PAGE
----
Little Miss Phoebe – Six months old now

 

The French lady who lives next door to Parc Verger is charming, and exactly as one might imagine someone living out in the French countryside might be.  She is tiny and slightly built and bright as a button, reminding me of a little Jenny Wren.  I am not sure how old she is but she informed me (via Lisa) that she would have been married 42 years this year, though she had been a widow for the last 18, and that all her married life her husband had never once made her cry.  And that she has the most wonderful son in the whole world

IMG_0848-3Lisa from Parc Verger on the left and Adrianne from next door on the right

She has sweet little house, and outside a barn with chickens and quails. In the woodlands behind the house is a goat, and in her tidy entrance porch were bright, flowering pot-plants and a couple of dozen persimmons ripening.  Apparently she is pretty well self-sufficient.  I wish I could speak with her in her own language, and to that end have at last put on the French Language CD’s that I bought early in 2014.  Bad girl that I am!

I sit and listen, and think I am doing quite well, and compose things I will say when I meet one of the locals, though when I do I mostly forget how it goes, and if I do  remember and they understand ,  I am then confronted with a totally incomprehensible reply, plus spurred on by my efforts to communicate they encouragingly chat away whilst I stand by totally dumbfounded.

And of course, assuming  I do get to grips with the language even a little bit it is my intention to move on to Spain, where I have even less hope of communicating.  So! – I pay the price for my English laziness.

Little Miss Phoebe and I continue to enjoy the walks along the cycleway through the woods, each day venturing further as Phoebe gets stronger.  A lot of exercise is not good for growing Great Danes, but it is a fine line between having her full of boundless energy in an RV and over-taxing her with long walks.  Of course it is easy for me as I can just sit on The Supter.  Still Phoebe’s speed and strength increase daily.  If she lags behind me investigating some new and interesting smell, then gallops to catch up, she flies past The Supter, which does eight miles and hour easily outpaces it.  Apparently one of her siblings from last year’s litter has been clocked at 35 mph.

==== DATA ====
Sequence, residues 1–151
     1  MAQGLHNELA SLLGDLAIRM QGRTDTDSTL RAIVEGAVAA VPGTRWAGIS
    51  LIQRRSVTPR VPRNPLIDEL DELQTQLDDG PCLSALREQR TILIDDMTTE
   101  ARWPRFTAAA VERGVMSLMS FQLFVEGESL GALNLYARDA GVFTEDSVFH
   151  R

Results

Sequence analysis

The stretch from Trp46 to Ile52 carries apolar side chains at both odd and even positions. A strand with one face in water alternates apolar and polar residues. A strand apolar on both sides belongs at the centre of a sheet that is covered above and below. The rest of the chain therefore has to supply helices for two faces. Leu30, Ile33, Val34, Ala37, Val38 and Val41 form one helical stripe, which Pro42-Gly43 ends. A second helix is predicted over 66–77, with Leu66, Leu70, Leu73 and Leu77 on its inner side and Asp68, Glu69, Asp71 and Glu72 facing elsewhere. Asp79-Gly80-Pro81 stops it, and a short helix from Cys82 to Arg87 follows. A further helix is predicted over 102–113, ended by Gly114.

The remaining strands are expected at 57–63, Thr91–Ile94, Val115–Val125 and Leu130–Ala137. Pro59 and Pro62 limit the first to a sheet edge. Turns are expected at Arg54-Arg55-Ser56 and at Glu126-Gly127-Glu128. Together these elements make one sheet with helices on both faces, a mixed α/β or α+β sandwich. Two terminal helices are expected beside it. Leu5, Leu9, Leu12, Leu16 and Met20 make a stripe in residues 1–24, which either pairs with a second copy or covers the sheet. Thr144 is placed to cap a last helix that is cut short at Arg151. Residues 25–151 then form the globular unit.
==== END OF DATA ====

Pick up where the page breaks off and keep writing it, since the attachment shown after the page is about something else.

Weight wise she is also growing!  Just over 35 kilos when weighed at the vet’s today (She will be six months old the day after tomorrow).

One of the ladies staying here on the site kindly drove me to the local vet’s, as Phoebe is in need of more worming tablets.  I am not normally a fan of constantly dosing pets with all sorts of medications  – coming from a time when most folk just kept mongrels, which were freely available,  as everyone’s dogs seemed to produce puppies once or twice a year and their owners were just grateful to rehome any offspring.  Then, other than trying to keep the puppy away from the chance of “hardpad” for the first six weeks that was it as far vets were concerned.  Their diet consisted of Spillers Shapes and household scraps, and cats were expected to make their own living apart from a large bowl of milk.  They rarely had fleas or worms, but if anything was looking off colour it had a few Vetzymn tablets.  A bit thin and it was given tablets purchased from the hardware shop, or if it it started to scratch was covered with white powder from a large perforated tin from the same source.  And I have to say they all lived long, happy and healthy lives.  But now I am travelling and don’t know what foreign dangers may await my precious girl.

The vet’s here is situated in a large airy, purpose built surgery, with a plant filled atrium as an entrance, and several elegant French Madamoiselle as receptionists.  I was assured everyone spoke English, but we must have visited on the day when the English speakers had all gone out on call.  I managed to remember how to say her name was Phoebe, and that she was a Great Dane nearly six months old and was on monthly Milbemax tablets for worming.   We couldn’t even cope with how to spell my name and were stumped until I mimed that I needed a pen and paper and would write it down.  But I came away with a tablet and even if it was not Milbemax a bit of googling and google translate let me know that it contained the same ingredients.

This is a little montage of her first six months.

I have to say making this encouraged me to look at some of the photos of my lovely old Phoebe, but I still miss her so much that I found it too hard to bear and had to stop.

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